I really enjoyed my degree, I love the work that I have done in the costume industry so far and hope to keep that going! So, at the moment Prickle and Stitch is a bit of a project on the side, but it is exciting to think that maybe one day it will become more and fulfil that dream to make an income selling things I’ve made!
Why did you want to start your own business?
I think it is the range creativity in it, and the challenge too. However big or small Prickle and Stitch becomes, the learning I am doing from starting my own business is amazing. The things I’ve learnt from it, all of the research and even the mistakes, have been so enriching.
The costume industry has been quiet this year, so this was a great time to experiment and venture into something new; something that can run alongside the other work I do in my free time. There really is something so exciting about the idea of building your own job with a small business!
In starting my own business, I’ve found an amazing variety: you design it, you make it, you do the web design, you run the social media, you are a part of everything.
Also, I just wanted to create something that I really like! I love working in the costume industry; I love the variety of it and I can run Prickle and Stitch alongside it which is a win-win situation!
Starting a business is challenging, let alone a sustainable one!
From your experience, are there any added considerations when starting up a sustainable
business, that perhaps a business that isn’t routed in sustainability doesn’t have to think about?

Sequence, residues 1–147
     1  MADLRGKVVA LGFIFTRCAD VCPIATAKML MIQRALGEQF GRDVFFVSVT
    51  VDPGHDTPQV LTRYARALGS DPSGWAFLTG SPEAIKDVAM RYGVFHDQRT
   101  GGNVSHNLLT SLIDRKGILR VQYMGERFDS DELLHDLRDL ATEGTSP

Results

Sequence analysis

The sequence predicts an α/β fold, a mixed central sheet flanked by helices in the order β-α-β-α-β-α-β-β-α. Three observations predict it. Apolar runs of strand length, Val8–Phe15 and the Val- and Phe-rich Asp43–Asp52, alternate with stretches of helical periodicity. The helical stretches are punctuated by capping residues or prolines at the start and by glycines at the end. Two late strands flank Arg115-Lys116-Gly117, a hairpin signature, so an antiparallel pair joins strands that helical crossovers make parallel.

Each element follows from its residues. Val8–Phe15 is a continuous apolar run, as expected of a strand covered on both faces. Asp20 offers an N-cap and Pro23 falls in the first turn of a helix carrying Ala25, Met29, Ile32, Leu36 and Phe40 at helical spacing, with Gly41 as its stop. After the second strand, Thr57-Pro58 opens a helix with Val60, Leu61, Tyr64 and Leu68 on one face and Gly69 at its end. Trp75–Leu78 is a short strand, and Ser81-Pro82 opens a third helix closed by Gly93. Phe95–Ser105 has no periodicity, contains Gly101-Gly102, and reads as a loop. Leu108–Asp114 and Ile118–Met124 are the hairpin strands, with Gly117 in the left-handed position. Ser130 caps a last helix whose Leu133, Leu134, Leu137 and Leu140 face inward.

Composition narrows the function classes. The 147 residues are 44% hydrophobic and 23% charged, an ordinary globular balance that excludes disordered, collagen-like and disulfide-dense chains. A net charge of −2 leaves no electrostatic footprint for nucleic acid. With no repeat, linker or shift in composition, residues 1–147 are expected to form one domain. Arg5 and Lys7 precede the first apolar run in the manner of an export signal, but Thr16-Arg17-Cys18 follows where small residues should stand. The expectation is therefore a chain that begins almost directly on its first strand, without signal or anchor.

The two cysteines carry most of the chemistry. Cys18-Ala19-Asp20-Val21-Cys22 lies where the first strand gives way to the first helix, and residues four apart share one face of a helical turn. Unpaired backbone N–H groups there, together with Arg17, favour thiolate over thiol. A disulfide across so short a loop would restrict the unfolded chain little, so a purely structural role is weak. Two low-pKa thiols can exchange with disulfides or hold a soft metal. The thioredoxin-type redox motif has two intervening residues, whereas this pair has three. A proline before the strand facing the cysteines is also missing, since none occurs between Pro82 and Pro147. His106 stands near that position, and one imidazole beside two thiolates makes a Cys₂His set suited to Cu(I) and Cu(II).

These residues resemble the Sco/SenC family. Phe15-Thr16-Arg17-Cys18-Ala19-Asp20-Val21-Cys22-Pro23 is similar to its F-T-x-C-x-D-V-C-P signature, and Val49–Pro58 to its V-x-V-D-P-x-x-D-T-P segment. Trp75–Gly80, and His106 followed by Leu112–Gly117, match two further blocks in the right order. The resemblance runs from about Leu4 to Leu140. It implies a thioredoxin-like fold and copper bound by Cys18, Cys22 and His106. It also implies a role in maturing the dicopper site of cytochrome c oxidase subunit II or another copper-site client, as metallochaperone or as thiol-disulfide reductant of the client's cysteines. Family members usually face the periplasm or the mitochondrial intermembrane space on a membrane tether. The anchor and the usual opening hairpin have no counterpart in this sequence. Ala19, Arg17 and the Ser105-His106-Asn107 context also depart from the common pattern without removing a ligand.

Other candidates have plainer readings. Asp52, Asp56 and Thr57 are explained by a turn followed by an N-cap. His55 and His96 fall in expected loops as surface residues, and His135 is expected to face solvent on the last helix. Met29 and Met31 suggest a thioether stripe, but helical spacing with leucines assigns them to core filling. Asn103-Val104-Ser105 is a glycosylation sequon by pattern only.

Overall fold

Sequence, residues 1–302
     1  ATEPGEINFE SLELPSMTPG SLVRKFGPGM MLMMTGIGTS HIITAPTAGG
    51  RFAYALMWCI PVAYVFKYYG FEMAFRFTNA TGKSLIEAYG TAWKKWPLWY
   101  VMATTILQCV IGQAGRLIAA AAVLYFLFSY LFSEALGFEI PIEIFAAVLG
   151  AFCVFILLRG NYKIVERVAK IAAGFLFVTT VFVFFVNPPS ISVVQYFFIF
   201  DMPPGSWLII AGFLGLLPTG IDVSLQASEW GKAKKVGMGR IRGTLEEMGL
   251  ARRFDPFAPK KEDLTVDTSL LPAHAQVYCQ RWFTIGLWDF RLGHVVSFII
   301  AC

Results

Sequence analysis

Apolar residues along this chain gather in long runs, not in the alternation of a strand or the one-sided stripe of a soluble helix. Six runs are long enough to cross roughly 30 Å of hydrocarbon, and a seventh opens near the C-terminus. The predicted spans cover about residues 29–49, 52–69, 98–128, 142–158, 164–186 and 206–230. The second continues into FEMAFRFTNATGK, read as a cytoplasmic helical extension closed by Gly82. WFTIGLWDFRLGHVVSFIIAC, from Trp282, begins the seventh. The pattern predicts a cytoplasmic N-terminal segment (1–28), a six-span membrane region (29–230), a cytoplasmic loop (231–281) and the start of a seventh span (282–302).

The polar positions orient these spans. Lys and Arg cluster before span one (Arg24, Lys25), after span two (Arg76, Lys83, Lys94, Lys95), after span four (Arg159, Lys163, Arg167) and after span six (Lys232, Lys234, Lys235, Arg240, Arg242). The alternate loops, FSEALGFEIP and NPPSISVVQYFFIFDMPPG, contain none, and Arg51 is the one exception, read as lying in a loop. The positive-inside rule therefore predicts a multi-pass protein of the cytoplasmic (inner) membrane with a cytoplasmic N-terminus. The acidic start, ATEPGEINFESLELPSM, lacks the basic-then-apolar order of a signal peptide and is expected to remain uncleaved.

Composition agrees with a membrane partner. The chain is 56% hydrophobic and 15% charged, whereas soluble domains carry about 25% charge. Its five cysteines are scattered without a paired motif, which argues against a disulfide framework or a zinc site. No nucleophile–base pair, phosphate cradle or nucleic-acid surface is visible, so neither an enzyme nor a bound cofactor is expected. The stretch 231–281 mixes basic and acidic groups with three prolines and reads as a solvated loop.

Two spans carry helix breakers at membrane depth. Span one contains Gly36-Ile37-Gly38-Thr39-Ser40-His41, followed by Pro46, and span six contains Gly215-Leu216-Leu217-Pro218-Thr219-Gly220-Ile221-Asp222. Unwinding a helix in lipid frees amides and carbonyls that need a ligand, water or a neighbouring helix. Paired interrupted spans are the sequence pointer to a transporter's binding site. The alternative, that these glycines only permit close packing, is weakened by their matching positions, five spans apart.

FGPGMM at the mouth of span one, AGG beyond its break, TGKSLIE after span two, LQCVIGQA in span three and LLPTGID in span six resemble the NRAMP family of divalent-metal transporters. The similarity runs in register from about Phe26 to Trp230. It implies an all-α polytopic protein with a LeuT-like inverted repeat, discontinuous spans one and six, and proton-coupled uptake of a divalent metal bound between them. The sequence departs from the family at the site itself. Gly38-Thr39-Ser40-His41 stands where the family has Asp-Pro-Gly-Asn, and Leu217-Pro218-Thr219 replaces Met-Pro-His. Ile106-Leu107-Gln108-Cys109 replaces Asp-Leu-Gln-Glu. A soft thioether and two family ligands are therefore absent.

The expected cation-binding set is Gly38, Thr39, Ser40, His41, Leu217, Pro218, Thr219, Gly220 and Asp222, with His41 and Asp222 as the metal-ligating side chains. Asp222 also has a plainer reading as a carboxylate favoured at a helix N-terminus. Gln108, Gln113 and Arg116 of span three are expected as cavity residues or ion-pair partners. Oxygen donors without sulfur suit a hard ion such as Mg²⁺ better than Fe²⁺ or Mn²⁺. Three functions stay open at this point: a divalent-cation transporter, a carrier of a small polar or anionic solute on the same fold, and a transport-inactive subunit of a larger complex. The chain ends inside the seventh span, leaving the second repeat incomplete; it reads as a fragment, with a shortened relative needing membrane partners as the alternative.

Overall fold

It is everything.
And it is everything, but it costs three times as much and that is what makes starting a sustainable business so difficult.
For example, all of my packaging is plastic-free, recyclable and biodegradable. But plastic tape would cost me around 90p and my sustainable tape costs about £6.00. I am passionate about it so I don’t mind spending more, but I could bulk buy not-so-sustainable packaging for a fraction of the price.
Fabric can also be a really hard one! So far, I have been working with leftover materials from other companies; it has been donated to me because it isn’t being used by them and would have been otherwise thrown away. So, it is sustainable because we are getting as much use out of the resources we already have, rather than buying new fabric. But I am now in a position where I’m saying to myself: ‘Moving forwards, I need to buy more fabrics and I don’t want to buy non-organic fabrics, I want to buy sustainable fabrics.’
I don’t want to do things by half; I want every aspect of Prickle and Stitch to be sustainable and that is the problem with high-street retailers, they might say: ‘Hey! We are committed to sustainability and this top is made from organic cotton!’ but that fabric is still being mass-dyed, mass-produced on the other side of the world and then flown over to our local high street. It is not good enough now to just do a bit and tick the sustainability box, you must do it everywhere.